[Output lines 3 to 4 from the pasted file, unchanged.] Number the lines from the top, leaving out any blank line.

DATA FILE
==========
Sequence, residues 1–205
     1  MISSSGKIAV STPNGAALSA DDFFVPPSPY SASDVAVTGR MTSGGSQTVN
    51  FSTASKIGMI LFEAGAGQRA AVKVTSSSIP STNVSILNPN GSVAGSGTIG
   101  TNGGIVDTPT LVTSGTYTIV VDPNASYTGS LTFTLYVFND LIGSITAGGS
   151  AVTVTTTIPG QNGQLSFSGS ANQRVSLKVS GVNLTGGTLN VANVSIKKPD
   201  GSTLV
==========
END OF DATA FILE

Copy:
    51  FSTASKIGMI LFEAGAGQRA AVKVTSSSIP STNVSILNPN GSVAGSGTIG
   101  TNGGIVDTPT LVTSGTYTIV VDPNASYTGS LTFTLYVFND LIGSITAGGS